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Grizzly (1976)

Hoping to enjoy Grizzly (1976) more than I ever have, which hasn’t been much, I recently loaded the Blu-ray into the machine and leaned back in my recliner to watch it. For a little more than half the film, I had two thoughts. First, it was better than I remembered. Second, it’s not as much a Jaws rip-off as I remembered. Then came the rest of the film…


As director William Girdler tried to cleverly duplicate the pursuit of Bruce the shark on the ocean by propelling his camera after "Teddy" the bear in the woods, complete with a similarly rousing musical score, I made a note: “Come on! Let’s wrap this up.” At a certain point, the movie just started dragging for me, squandering any good will it made up to then.


The good will included a tight opening that gets into the action right away. There’s just enough about head ranger Michael Kelly’s backstory to give him some depth, but not so much that any forward momentum of the story is sacrificed. I liked that all the characters immediately acknowledge that a bear is killing campers. No time is wasted trying to convince anyone.


However, the type of bear and its motivations are a little more open to interpretation. This doesn’t matter for the fact that it’s going to keep killing. It matters for the fact that they don’t know where it’s going to keep killing. The debate revolves around how far down the mountain the characters think it’s going to come.


As easily as the rangers find mangled bodies, sometimes buried in shallow graves so the bear can return to finish its meal, you’d think they could more quickly track the bear. There’s no explanation why, once they’ve figured out its pattern, they can’t just go kill it. Well, there’s no on-screen explanation. There’s obviously a behind-the-scenes explanation: it’s a movie.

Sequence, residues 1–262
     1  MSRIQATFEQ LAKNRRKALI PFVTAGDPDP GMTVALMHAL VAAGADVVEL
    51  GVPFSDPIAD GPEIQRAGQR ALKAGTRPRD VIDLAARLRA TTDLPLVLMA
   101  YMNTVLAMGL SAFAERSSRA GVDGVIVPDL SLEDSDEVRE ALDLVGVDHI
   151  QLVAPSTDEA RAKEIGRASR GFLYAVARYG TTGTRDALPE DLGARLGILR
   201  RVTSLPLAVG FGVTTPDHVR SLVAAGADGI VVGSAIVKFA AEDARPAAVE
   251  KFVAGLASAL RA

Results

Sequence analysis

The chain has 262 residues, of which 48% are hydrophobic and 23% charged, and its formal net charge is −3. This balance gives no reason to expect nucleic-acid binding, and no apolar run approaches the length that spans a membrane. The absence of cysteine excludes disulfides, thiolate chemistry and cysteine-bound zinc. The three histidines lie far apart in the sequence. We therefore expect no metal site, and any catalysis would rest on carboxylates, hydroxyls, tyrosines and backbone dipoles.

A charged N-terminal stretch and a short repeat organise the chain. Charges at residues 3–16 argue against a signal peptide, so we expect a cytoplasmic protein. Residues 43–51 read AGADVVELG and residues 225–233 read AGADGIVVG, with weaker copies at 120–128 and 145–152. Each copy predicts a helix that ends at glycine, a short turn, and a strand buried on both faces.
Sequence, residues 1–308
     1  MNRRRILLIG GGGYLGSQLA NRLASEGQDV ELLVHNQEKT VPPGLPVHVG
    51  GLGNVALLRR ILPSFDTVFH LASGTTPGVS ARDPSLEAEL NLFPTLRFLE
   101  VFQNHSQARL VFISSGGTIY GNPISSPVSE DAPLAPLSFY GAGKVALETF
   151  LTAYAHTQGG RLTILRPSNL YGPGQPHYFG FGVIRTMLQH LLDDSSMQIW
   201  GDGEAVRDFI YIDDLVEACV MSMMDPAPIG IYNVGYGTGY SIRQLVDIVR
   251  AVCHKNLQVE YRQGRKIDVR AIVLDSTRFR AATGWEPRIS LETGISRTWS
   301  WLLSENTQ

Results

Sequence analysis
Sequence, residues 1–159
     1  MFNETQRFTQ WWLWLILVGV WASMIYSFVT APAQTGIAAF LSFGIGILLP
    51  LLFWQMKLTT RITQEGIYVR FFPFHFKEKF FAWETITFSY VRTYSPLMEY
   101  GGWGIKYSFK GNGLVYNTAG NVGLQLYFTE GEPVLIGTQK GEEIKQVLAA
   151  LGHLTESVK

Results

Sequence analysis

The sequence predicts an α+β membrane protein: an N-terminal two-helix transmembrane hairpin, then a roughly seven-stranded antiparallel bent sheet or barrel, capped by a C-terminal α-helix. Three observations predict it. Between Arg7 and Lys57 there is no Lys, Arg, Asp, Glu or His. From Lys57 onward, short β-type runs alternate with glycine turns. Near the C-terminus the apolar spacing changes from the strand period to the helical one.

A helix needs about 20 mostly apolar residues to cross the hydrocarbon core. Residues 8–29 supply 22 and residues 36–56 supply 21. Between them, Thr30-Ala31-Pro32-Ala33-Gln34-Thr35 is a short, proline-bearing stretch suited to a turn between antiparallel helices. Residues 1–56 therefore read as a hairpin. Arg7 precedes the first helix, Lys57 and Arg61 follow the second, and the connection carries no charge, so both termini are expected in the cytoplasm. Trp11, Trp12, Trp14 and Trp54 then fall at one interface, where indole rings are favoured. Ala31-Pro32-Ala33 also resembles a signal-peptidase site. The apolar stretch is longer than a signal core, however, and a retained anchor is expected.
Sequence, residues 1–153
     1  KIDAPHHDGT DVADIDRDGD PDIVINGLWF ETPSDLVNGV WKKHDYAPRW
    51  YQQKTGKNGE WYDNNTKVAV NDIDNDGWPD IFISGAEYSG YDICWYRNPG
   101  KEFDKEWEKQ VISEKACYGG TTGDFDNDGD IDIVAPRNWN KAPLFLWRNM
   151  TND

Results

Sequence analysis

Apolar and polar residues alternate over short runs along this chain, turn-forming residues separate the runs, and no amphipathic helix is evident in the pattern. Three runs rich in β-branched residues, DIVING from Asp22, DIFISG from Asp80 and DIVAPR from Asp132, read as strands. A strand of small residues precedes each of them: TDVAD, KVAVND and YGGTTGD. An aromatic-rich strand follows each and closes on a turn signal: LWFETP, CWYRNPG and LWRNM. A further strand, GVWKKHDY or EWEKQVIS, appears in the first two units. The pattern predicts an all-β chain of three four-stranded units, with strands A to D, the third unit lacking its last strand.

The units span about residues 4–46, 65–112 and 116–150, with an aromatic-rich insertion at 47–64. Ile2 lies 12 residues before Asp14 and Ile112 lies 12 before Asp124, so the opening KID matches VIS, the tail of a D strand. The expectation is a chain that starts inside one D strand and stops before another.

Holding a full reveal until later in the film, initial attacks of the bear are filmed with POV shots and a lot of growling. The kills are more graphic than I remembered. The bear (POV) approaches a victim, and an arm goes flying across the screen. Later, when the bear drops poor “little Bobby” on the ground, he’s missing a leg.


Still, there’s no tangible contact between a real bear and its victim, so the screenplay by Harvey Flaxman and David Sheldon depends upon colorful language to emphasize how dangerous it is. Claw marks high on a tree indicates its 15-feet tall (average is 7-feet) and weighs 2,000 pounds. Grizzlies, unlike regular bears, are also supposedly carnivores. “They sure do love meat!”


Grizzly isn’t bad; it has its charms. I was surprised to learn during my research that until Halloween broke all records two years later, Grizzly was the highest grossing independent film of all time. I wonder why there wasn’t a sequel. Well, there was. That’s a story for another day. How about tomorrow? Come back then for Grizzly II: Revenge


Written by Harvey Flaxman & David Sheldon

Directed by William Girdler

Starring Christopher George, Andrew Prine, Richard Jaeckel, Joan McCall, Joe Dorsey

RT 91 min.

Released May 21, 1976

Home Video Blu-ray (Scorpion Releasing)

Rating 6 possessed children (out of 10)

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